You know you’re getting old when the upstart Coen Brothers are suddenly master craftsmen, at the height of their powers. But that’s exactly what you get from “Inside Llewyn Davis;” a rich beautifully crafted film that nonetheless retains the Coens’ trademark quirkiness. No question about it - this remarkable film is the work of supremely self-assured filmmakers at the pinnacle of their careers.
Oscar Isaac, until now not a well-known actor, has appeared before in a variety of TV and movie projects, including Ridley Scott’s unnecessary remake of “Robin Hood” and Zack Snyder’s ill-conceived “Sucker Punch.” His comparative anonymity is likely at an end. Isaac, who is on screen in every scene of this movie, and in fact is in almost every shot, is nothing short of remarkable as the complex, prickly Davis, a frequently dislikeable protagonist, who in a tightly compressed story struggles with the music business, the harsh New York City winter, his family, his tangled love life, and most of all, his art, which has been rocked by the suicide of his friend and artistic partner.
Although this is an electrifying breakout performance for Oscar Isaac, he shares the screen with several better known names, all at the top of their game. Carey Mulligan is thankfully unrecognizable from her bland, forgettable take on Daisy Buchanan in Baz Luhrmann’s hideous remake of “The Great Gatsby.” Here, as a folk singer and an ex-lover and frenemy of Davis’, she’s every bit as prickly as the main character, though this is completely at odds with her on-stage demeanor. Justin Timberlake plays her husband with likeable sincerity. The chameleon-like F. Murray Abraham appears all-too briefly as a brusque but honest club owner. John Goodman is at his scene-stealing best as a pompous jazz musician whose car Davis shares on a strange, surreal road trip that could have been written by Kerouac.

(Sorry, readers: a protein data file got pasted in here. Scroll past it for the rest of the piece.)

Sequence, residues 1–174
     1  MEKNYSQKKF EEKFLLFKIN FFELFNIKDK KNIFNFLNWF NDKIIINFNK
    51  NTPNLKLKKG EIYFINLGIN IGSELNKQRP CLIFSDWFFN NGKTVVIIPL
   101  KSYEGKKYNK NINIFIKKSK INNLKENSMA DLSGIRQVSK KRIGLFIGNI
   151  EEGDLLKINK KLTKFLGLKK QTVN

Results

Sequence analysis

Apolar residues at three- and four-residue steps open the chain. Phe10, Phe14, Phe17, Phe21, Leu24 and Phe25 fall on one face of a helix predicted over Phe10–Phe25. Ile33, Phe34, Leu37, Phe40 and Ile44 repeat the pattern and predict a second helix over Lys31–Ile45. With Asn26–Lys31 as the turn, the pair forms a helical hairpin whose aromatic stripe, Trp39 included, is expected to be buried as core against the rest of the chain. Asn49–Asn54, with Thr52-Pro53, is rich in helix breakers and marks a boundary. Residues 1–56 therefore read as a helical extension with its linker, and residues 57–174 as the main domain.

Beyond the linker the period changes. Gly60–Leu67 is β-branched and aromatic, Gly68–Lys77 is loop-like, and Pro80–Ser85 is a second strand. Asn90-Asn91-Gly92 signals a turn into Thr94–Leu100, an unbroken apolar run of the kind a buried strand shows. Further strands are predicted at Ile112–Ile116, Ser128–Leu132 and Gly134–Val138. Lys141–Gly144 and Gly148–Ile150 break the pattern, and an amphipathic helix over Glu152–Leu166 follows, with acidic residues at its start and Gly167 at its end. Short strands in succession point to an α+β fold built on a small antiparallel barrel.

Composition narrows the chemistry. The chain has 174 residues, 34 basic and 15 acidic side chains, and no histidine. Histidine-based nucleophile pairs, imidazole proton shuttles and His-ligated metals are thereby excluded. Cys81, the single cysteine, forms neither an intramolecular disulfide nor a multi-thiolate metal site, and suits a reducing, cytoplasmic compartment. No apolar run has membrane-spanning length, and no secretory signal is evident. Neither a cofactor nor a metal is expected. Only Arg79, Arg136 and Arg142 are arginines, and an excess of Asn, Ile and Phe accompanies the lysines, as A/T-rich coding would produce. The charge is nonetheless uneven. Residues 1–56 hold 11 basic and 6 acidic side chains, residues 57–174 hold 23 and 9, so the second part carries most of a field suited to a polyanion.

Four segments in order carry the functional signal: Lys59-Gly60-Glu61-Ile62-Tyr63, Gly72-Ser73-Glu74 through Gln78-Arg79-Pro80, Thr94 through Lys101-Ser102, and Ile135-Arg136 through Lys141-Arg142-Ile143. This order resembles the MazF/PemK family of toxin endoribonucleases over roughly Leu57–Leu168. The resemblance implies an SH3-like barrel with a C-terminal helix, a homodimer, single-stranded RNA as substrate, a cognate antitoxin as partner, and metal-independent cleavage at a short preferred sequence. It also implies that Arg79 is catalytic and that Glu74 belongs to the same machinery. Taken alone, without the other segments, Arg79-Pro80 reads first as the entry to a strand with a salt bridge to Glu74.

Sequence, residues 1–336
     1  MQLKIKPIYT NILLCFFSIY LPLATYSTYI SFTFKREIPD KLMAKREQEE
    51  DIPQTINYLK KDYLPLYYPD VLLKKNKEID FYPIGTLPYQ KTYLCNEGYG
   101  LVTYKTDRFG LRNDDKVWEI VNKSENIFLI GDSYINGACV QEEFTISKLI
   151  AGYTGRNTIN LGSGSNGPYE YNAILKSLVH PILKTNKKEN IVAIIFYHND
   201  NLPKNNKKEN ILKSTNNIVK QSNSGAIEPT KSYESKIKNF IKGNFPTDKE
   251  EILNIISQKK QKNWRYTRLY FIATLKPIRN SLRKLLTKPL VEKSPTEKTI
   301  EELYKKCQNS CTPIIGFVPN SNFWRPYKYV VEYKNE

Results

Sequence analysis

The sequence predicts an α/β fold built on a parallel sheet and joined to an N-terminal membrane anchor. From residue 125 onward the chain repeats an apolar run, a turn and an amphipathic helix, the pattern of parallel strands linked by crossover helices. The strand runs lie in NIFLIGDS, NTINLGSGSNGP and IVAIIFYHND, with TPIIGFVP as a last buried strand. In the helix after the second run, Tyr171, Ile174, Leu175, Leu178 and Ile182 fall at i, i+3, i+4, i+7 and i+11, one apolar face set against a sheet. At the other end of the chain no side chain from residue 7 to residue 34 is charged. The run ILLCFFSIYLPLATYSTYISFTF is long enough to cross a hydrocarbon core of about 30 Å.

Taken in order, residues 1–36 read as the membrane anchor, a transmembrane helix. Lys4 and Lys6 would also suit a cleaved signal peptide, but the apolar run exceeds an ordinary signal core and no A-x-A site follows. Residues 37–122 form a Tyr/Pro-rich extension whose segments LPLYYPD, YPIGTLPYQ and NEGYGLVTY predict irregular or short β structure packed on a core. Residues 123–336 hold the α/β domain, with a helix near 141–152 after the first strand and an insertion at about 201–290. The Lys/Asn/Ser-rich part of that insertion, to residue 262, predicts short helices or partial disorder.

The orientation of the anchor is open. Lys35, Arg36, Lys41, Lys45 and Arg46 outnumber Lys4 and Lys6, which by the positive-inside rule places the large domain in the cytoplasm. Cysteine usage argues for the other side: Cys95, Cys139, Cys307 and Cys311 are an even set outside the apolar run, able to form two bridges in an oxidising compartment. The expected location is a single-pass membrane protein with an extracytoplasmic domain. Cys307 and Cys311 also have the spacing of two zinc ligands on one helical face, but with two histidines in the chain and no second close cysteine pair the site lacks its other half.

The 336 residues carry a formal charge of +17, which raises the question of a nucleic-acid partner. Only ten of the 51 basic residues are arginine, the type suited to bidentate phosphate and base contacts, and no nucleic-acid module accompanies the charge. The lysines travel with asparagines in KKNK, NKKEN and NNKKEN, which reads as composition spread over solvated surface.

As good as the cast is, they benefit from a marvelous script (written by the Coen Brothers), which, Odyssey-like, takes Davis through a series of revelatory encounters with the story’s oddball collection of colorful supporting characters, including a memorable cat. There is a circularity to the plot, which starts with Davis, having finished a set, meeting a stranger in a back alley who beats him up, and (spoiler alert), ends at the same place. Not before then do we realize we’ve been watching a story told largely in flashback and the effect is disconcertingly “Groundhog Day”-esque.
The scene plays at diametrical opposite ends of the spectrum at the beginning and end of the film, however. When we see it the first time, Davis brushes himself off and gets back on the horse. At the end of the film, when Davis heads again to the back alley, Bob Dylan has already taken the stage, not a victory for Davis. Dylan, the harbinger of the singer/songwriter, was among other things, a death knell for pure folk, in which the whole point was performing old songs that someone else wrote.
Dylan was also used a metaphor of changing times (and who better than the man who wrote the lyrics “the times they are a-changin’”?) in Philip Kaufman’s 1979 film “The Wanderers,” which was partly about the painful transition from the fifties to the sixties. He also reportedly was the impetus for the movie’s music producer, T-Bone Burnett, to take the stage as a performer for the first time during the now-legendary Rolling Thunder Revue. Burnett knows the movie’s landscape from personal experience, and the deftly chosen music adds palpable added dimension to a story that’s already piercing, revelatory and intensely personal.
But it’s the Coen brothers’ craftsmanship, and cinematographer Bruno Delbonnel’s muted color palette photography that really raises this beautifully strange, quirky movie into the ranks of the filmmakers’ best work. This is such a mature, smoothly crafted piece of filmmaking you may forget it’s supposed to be a quirky, edgy pseudo-indie. And then there’s the music. The Coen Brothers insisted that the songs employed (to excellent effect) in their movie be heard in their entirety, and the Julliard-trained Davis sings with an assured, clear voice, including during a novelty song, “Please, Mr. Kennedy,” performed with Justin Timberlake and Adam Driver (“Lincoln,” “Frances Ha”). The music in “Inside Llewyn Davis,” like the title character, has the tone, the heart, and the regret, of an artist whose time has already passed him by.
“Inside Llewyn Davis” opens January 10th at the Regal Cinemas Crossgates Stadium 18 & IMAX and the Spectrum 7 on Delaware Avenue, Albany.